PopUp Painting’s ‘artist of the week’ is Andreas Gursky.
Andreas Gursky (b. 1955) is a German photographer. The artist is known for his large format colour photographs distinctive for their incisive and critical look at the effect of capitalism and globalisation on contemporary life.
Gursky studied at the ‘Düsseldorf Kunstakademie’ in the early 1980s, at first creating small, black-and-white prints. By the mid 1980s, however, the artist broke from this tradition, moving to colour film and spontaneous observations of people at leisure depicted as tiny protagonists in a vast landscape. Since the 1990s, Gursky has concentrated on sites of commerce and tourism, making work that draws attention to today’s burgeoning high-tech industry and global markets. His imagery ranges from the vast, anonymous architecture of modern day hotel lobbies, apartment buildings and warehouses to stock exchanges and parliaments in places from as far a field as Shanghai, Brasília, Los Angeles and Hong Kong. Although his work adopts the scale and composition of historical landscape paintings, his photographs are often derived from inauspicious sources: a black and white photograph in a newspaper, for example, that is then researched at length before the final photograph is shot and often altered digitally before printing. Gursky’s art is driven by an interest, and insight, into forms of collective existence and includes depictions of massive man-made structures and huge gatherings of people in nightclubs, factories, arenas, and vast landscapes. As he has stated: ‘I only pursue one goal: the encyclopedia of life.’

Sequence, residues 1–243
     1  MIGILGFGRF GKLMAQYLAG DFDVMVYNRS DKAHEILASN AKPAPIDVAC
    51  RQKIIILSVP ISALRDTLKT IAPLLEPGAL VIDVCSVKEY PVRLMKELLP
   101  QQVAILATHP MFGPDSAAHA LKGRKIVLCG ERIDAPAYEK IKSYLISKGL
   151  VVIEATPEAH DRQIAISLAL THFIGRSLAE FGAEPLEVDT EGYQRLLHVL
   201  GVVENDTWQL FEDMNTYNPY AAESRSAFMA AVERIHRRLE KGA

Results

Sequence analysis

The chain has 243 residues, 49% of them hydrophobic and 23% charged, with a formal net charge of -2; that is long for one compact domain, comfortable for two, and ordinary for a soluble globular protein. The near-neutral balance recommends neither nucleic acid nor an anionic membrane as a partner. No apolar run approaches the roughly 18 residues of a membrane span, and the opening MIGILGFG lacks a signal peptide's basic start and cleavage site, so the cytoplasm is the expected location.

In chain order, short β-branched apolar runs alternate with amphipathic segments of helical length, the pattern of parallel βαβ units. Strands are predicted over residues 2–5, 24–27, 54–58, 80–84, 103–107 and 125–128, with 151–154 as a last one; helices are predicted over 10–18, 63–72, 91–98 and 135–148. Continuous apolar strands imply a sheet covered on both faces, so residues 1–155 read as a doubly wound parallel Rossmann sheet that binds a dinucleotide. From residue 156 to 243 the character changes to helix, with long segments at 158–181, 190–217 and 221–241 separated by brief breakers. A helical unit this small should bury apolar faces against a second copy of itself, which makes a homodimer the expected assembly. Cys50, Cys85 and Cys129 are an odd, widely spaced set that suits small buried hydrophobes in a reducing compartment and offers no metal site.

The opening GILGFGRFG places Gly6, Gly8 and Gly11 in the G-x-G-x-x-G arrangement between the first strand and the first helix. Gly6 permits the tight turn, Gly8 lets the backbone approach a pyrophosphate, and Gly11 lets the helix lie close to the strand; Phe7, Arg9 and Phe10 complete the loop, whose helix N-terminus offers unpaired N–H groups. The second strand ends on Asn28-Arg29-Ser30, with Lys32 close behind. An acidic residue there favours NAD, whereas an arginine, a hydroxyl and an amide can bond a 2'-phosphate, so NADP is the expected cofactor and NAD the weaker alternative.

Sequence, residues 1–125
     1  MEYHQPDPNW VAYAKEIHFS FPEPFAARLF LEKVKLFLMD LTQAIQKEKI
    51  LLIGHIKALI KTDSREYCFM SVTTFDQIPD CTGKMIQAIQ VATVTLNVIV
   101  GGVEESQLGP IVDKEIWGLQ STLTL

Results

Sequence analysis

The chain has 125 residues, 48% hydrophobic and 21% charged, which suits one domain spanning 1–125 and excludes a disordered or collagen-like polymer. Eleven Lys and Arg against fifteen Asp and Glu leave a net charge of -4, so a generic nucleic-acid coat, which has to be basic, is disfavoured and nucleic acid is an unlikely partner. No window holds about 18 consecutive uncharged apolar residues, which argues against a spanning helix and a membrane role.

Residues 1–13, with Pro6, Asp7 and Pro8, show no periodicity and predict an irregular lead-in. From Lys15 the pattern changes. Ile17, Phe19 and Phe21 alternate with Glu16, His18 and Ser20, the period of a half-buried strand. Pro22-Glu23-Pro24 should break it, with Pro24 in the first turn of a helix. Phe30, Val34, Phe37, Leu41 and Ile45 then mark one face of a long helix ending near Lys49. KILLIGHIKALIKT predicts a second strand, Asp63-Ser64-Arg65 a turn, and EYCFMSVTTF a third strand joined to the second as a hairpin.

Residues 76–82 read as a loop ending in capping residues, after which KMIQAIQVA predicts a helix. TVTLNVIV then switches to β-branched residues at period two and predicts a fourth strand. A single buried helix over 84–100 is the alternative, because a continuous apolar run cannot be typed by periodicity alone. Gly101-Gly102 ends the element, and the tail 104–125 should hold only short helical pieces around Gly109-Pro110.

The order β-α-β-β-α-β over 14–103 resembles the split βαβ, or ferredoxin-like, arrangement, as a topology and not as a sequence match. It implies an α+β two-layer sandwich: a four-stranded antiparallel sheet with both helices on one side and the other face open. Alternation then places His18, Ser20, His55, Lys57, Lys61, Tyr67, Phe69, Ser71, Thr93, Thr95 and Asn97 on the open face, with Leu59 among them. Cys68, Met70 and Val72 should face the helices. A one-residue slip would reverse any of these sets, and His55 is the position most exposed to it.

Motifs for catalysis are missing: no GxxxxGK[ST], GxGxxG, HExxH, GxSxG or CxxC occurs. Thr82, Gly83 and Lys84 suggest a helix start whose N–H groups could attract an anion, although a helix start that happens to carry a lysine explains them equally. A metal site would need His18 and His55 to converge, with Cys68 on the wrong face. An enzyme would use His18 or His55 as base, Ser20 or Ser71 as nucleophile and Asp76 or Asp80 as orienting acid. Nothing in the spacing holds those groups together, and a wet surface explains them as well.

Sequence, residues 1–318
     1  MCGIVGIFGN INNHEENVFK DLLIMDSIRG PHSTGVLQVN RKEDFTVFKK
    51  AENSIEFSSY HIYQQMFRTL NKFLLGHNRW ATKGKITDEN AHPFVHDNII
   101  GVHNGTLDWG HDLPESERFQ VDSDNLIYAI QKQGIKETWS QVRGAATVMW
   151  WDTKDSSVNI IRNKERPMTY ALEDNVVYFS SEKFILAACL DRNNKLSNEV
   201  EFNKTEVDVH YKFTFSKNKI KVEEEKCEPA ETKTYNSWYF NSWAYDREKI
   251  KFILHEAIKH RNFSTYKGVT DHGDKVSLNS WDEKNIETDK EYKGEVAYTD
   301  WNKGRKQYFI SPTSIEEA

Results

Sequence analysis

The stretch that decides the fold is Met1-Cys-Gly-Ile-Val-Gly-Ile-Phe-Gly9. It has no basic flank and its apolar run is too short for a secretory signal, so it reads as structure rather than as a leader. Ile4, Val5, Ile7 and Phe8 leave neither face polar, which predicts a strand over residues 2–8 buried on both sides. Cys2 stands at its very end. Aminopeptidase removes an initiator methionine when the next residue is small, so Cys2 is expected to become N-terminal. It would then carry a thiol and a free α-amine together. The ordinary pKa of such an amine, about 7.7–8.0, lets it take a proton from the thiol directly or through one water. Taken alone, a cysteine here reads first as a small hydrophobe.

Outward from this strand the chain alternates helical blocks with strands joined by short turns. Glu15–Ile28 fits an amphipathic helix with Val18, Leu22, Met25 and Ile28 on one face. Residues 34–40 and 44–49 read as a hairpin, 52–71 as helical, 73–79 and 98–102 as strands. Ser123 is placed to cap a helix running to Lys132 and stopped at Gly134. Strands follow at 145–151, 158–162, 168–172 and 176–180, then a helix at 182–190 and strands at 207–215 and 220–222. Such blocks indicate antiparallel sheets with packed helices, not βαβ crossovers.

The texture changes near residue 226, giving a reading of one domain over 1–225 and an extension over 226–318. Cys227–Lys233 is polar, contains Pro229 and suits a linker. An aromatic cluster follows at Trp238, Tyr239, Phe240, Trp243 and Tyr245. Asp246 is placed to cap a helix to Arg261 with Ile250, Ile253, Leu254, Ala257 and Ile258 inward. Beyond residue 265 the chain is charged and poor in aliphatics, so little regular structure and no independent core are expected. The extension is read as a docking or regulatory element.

In 2011 Andreas Gursky’s ‘Rhein II’ fetched $4,338,500 at a Christie’s auction, becoming the most expensive photograph ever sold.
You can catch Andreas Gursky’s work at The Hayward Gallery in January 2018 and also on our Facebook and Twitter pages all week. In the meantime here is a selection of our favourite works by the artist: